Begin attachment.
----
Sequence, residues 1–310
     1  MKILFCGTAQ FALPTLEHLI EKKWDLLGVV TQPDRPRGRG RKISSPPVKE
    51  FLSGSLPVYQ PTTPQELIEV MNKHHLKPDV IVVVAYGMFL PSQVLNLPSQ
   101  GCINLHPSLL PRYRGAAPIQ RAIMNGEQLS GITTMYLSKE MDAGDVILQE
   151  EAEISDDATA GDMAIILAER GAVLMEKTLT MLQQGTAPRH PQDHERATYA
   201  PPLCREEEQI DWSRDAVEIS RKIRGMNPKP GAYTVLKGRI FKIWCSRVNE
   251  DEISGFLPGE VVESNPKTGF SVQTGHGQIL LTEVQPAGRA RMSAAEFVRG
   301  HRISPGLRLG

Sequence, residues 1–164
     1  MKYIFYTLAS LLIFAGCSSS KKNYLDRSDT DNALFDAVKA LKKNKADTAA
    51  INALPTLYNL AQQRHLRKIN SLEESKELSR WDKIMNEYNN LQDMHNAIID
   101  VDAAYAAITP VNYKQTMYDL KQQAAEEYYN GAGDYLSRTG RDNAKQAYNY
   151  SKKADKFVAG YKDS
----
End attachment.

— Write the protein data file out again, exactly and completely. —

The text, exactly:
Sequence, residues 1–310
     1  MKILFCGTAQ FALPTLEHLI EKKWDLLGVV TQPDRPRGRG RKISSPPVKE
    51  FLSGSLPVYQ PTTPQELIEV MNKHHLKPDV IVVVAYGMFL PSQVLNLPSQ
   101  GCINLHPSLL PRYRGAAPIQ RAIMNGEQLS GITTMYLSKE MDAGDVILQE
   151  EAEISDDATA GDMAIILAER GAVLMEKTLT MLQQGTAPRH PQDHERATYA
   201  PPLCREEEQI DWSRDAVEIS RKIRGMNPKP GAYTVLKGRI FKIWCSRVNE
   251  DEISGFLPGE VVESNPKTGF SVQTGHGQIL LTEVQPAGRA RMSAAEFVRG
   301  HRISPGLRLG

Sequence, residues 1–164
     1  MKYIFYTLAS LLIFAGCSSS KKNYLDRSDT DNALFDAVKA LKKNKADTAA
    51  INALPTLYNL AQQRHLRKIN SLEESKELSR WDKIMNEYNN LQDMHNAIID
   101  VDAAYAAITP VNYKQTMYDL KQQAAEEYYN GAGDYLSRTG RDNAKQAYNY
   151  SKKADKFVAG YKDS